If you’ve been reading BBC news then you probably know that they have a weekly podcast called “A Point of View”. This Valentine ’s Day Adam Gopnik (the usual host) had an interesting opinion regarding Bitcoin and money and money in general.
Adam starts with a little introduction of his opinion on what is money. He speaks of images that are on the face of the paper cash making a comparison of the founding fathers cult that represents the US dollars and how euros have the non-specified images of construction.
The host proceeds to state that visuals on cash are much more than pictures. These represent what people believe money are worth, what is keeping them, what’s supporting them. What idea or concept is closer to the people who use these pieces of paper.
Yes, this is the first point in his monologue. Money are just pieces of paper with pictures on it. They exist only so far as people believe in them. Of course, it’s been a long time since merchants and buyers had agreed on the fact that seashells or gold nuggets can be exchanged for goods and services. Even more modern money have been here for quite a while. Now every dollar or euro or any other unit of currency you own is simply air. It has worth as long as government says it does.
Next, Adam makes a reference to cryptocurrencies. He understands the dreadful meaning they hold to the central banks, as they make show that economic system can regulate itself without officials getting their hands into our finance, controlling every step of every deal we make. A network that is only supported by the proof-of-work principle – if you have the resources to maintain Bitcoin mining rigs day and night, you get your reward in the not-so-crunchy but still valuable cryptocurrency, The whole community relies entirely on itself.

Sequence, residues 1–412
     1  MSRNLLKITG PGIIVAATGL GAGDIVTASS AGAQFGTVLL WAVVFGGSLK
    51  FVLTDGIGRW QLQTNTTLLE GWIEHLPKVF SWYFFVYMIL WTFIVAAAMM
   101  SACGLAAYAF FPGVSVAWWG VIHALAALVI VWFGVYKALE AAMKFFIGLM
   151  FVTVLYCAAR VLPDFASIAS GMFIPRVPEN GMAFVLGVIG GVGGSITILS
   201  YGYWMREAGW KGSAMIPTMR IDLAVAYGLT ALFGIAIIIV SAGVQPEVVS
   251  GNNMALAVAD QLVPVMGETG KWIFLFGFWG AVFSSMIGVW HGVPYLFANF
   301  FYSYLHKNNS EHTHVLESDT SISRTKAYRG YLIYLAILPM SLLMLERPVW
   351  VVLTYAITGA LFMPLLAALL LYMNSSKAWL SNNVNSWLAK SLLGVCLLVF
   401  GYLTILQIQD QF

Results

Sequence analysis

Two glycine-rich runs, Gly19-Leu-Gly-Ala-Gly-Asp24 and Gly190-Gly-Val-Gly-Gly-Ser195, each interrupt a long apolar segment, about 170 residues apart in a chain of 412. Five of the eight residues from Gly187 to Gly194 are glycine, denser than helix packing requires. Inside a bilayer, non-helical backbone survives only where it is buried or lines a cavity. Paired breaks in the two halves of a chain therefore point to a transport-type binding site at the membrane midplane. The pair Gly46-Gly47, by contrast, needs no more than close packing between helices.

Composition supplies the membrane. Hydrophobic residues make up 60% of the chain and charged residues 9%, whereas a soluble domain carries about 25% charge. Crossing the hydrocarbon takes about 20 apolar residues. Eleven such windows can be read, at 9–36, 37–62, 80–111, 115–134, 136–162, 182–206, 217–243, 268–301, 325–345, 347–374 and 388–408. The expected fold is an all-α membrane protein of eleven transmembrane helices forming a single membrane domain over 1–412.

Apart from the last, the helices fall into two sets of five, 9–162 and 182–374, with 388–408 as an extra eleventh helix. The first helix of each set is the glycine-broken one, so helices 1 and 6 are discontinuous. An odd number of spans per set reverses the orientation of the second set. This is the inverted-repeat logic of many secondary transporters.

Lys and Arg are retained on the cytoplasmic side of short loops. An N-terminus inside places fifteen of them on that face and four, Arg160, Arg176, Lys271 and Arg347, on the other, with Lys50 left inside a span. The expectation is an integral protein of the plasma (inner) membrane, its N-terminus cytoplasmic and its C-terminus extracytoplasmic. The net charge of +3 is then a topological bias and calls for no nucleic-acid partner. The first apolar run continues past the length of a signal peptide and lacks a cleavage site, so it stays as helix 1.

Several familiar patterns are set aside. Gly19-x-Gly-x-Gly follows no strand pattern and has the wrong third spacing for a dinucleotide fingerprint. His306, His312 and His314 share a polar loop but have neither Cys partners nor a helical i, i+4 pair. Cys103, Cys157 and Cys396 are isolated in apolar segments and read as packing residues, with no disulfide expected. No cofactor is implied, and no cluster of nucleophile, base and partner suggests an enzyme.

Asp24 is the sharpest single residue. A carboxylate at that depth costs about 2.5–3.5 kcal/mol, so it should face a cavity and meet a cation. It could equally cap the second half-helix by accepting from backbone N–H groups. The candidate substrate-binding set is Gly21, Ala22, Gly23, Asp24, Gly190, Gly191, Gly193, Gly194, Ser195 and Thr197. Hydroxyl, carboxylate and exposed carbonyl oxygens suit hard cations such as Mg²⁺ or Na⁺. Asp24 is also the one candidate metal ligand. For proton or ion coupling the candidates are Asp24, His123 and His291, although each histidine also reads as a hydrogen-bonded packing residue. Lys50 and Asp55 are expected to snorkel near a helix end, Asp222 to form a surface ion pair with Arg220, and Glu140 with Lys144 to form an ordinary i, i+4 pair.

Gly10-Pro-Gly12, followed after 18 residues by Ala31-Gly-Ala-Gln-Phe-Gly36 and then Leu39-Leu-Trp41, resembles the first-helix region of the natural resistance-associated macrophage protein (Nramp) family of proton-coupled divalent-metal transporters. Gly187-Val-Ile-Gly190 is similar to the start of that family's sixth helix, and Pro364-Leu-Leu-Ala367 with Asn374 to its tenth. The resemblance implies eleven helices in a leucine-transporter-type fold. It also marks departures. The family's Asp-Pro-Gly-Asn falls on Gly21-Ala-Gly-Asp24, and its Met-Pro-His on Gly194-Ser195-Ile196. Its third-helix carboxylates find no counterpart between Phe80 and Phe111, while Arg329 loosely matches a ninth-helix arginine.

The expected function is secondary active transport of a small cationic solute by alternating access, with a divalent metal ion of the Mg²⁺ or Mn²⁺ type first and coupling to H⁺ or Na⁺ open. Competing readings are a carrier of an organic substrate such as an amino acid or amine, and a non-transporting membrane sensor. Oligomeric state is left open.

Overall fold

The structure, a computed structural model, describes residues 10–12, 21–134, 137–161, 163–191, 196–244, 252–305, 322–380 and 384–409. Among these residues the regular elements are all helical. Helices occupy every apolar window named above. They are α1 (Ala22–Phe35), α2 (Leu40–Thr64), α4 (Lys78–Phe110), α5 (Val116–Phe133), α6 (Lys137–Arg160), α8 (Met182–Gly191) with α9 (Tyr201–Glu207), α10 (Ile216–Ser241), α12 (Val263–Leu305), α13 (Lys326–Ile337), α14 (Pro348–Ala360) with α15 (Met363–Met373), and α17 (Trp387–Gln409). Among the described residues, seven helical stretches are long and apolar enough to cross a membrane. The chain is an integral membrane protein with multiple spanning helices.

Adam predicts that Bitcoin and other Altcoins would have a bright future as from his economic background he compares governments to households, where later has a tendency to support two completely opposite economic systems.
In the end of podcast Adam finishes his thoughts on the subject by making another bold claim that in the future families will have their own micro-currencies circulating in the household, custom and personified:
“And so it will go, house by house and family by family, making our micro-currencies like morning poems. For what is money, after all, but a game we have decided to play, a study in mutual confidence, a medium of exchange?”